Lewis County Health Officer: COVID-19 Vaccine Distribution Explained

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In December, we talked about how vaccines are developed and how the phased method of getting vaccines into people’s arms was determined. Some vaccines started being distributed locally last month. Let’s talk about how that distribution is happening, and how to find vaccines for yourself and your family.

Distributing vaccines is kind of like the classic story of the fire triad. It takes three things to make fire burn — heat, fuel and oxygen. Take any one away and the fire goes out. 

Vaccine distribution needs four things — a provider, vaccine, staffing and a point of dispensing (POD) site. If you are missing any one of the four, you can’t vaccinate people. Looking at each of the four individually, we have both challenges and successes happening.

Providers

The Washington State Department of Health (DOH) has required licensed vaccine providers to apply separately to be able to distribute the COVID-19 vaccines. As of this writing, many potential providers in Lewis County have applied for permission, but not all have been approved. As more providers get approved, we build capacity to vaccinate more people as vaccine supplies increase. Some providers will plan to only vaccinate their own staff and patients.

 

Vaccine

Many vaccines are under development, and to date two have been approved for use in the United States. Vaccine supplies are being distributed from the manufacturers to states. Federal guidelines direct how much vaccine each state gets based on its overall population. Once Washington receives its quota of vaccine, DOH distributes it within the state. Unlike the federal total-population model, DOH uses a framework that prioritizes populations most vulnerable to COVID-19 complications, such as hospitalization and death, to determine how many doses go where. The demand for vaccines is higher than the current supply. There is not enough vaccine to go around right now. This will change. So far, just over 6,000 doses have arrived in Lewis County, where we have nearly 20,000 healthcare workers and residents over age 65 in Phase 1A and Phase 1B, Tier 1 alone.

 

Staffing

Staffing is a major bright spot, of course, because this is Lewis County. On Sunday, Jan. 24, a COVID-19 vaccine drive-through POD vaccinated 1,253 people at the Southwest Washington Fairgrounds. About 100 volunteers helped make that happen, about one-third of them with only two days of notice! With Lewis County Public Health & Social Services providing the organization, more than 60 Providence medical staff volunteered their day to provide shots. Thirty-five or more volunteers from United Way of Lewis County and Rotary filled all the non-medical support roles. Just like in the last floods, United Way has once again stepped up to organize volunteers for future PODs to come. Have some free time? Sign up at this link: http://bit.ly/LCUWVolunteer. Based on volunteers’ reactions from this first POD, you’ll be glad you did.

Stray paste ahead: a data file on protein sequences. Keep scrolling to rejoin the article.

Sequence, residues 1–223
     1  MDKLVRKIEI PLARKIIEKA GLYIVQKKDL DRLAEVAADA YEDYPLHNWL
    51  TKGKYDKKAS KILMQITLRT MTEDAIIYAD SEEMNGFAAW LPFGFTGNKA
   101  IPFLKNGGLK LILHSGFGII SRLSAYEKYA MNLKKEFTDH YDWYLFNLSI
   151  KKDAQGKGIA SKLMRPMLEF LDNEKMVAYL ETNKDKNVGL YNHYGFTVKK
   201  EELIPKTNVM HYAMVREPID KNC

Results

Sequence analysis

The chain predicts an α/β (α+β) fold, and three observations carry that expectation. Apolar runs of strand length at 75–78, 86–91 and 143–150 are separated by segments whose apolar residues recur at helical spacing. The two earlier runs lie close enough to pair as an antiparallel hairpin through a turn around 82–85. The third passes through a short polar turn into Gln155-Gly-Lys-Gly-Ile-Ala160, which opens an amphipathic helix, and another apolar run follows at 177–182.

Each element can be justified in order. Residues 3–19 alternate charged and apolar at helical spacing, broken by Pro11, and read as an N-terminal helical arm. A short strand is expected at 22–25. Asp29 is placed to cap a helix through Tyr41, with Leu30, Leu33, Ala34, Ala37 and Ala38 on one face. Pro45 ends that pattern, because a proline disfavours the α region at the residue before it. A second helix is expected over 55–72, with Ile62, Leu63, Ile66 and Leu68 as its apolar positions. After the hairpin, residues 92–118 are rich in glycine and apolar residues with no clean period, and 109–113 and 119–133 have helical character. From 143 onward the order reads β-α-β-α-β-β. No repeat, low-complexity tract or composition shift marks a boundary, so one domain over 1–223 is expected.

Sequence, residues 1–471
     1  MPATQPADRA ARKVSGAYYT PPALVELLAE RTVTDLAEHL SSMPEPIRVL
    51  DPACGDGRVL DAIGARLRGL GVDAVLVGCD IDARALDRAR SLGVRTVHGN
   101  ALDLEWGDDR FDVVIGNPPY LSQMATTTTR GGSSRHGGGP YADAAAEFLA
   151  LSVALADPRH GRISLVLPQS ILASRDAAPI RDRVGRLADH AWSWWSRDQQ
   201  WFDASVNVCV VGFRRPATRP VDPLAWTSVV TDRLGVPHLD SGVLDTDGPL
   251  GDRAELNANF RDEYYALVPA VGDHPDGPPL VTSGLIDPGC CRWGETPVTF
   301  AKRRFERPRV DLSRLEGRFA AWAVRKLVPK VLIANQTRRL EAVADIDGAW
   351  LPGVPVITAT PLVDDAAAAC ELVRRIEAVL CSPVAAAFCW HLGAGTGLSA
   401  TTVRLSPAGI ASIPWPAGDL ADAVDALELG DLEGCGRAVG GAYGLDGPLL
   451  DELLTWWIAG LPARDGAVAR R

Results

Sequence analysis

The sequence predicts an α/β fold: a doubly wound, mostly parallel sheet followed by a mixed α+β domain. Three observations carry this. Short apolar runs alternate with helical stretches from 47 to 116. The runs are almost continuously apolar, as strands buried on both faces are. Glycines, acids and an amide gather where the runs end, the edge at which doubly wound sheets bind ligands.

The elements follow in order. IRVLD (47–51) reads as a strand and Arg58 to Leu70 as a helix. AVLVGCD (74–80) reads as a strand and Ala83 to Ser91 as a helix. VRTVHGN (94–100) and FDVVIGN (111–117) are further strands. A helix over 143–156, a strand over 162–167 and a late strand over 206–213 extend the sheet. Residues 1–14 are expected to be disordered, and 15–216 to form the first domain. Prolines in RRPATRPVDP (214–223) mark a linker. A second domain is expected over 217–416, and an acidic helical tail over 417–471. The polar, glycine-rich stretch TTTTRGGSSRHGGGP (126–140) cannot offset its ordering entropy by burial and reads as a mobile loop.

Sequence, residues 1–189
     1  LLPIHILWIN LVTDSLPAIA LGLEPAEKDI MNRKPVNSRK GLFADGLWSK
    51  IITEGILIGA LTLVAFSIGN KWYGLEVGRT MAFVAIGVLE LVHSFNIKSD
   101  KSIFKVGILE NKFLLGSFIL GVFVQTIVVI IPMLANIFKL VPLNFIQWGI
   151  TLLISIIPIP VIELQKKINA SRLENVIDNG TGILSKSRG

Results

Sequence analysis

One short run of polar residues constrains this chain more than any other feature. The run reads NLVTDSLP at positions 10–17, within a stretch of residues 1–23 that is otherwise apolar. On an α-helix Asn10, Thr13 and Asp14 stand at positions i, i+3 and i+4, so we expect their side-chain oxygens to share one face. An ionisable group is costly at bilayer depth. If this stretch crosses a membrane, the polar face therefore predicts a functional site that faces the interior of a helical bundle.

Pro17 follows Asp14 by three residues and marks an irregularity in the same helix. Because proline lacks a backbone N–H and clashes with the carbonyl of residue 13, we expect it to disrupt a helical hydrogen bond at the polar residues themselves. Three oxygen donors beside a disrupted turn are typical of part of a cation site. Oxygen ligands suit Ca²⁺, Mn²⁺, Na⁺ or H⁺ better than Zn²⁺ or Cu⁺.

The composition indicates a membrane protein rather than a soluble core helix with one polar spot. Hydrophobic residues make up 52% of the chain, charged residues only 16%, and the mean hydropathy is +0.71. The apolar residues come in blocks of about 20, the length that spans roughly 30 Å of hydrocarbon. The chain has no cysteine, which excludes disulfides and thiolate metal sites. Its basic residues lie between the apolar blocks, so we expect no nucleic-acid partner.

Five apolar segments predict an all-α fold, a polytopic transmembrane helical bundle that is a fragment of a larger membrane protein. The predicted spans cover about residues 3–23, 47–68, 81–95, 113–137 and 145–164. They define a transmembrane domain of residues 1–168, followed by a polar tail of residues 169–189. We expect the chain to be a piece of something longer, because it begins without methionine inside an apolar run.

Point of Dispensing Sites

Here is another advantage we have here in Lewis County. We have already proved the fairgrounds can handle large drive-through PODs. Safeway partnered with Centralia schools and vaccinated 500 people in one day. Your health department is partnering with United Way, Twin Transit and Bird’s Eye Medical to develop mobile PODs to serve certain areas and populations. We also have many other potential mass vaccination sites around the county — i.e. schools, churches, grange halls, sports arenas, parking lots, and other large facilities. All it takes is some imagination and partnerships. Yes, and vaccine for providers.

 

Finding Vaccine

Each week more vaccine arrives in Lewis County — not enough to meet demand, but at least we keep making some progress. If you have internet access, go to the DOH Phase Finder website: www.FindYourPhaseWa.org or www.EncuentraTuFaseWa.org for Spanish. If you are eligible, Phase Finder will give you a confirmation and show a list of locations where you can get vaccinated. Do not be surprised to find no openings at first.

If you are not yet eligible under the current phase, you will be able to leave your email or phone number to receive a notice when your phase is eligible. If you do not have internet access, you can call 1-800-525-0127 between 8 a.m. and 5 p.m., press # and someone at DOH will assist you.

Phase Finder does not put you on a waiting list. Once eligible, you will have to check back until you can make a connection with an open vaccination slot.

The key message is patience!

A vaccination campaign of this magnitude has never been seen before and it will take time, cooperation and patience to reach everyone who wants COVID-19 vaccinations. In the meantime, until vaccines are available for everyone, we still have the means at our disposal to prevent getting sick — the three Ws: Wear a mask, wash your hands and watch your distance.

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Dr. Rachel Wood is the outgoing Lewis County health officer.

 

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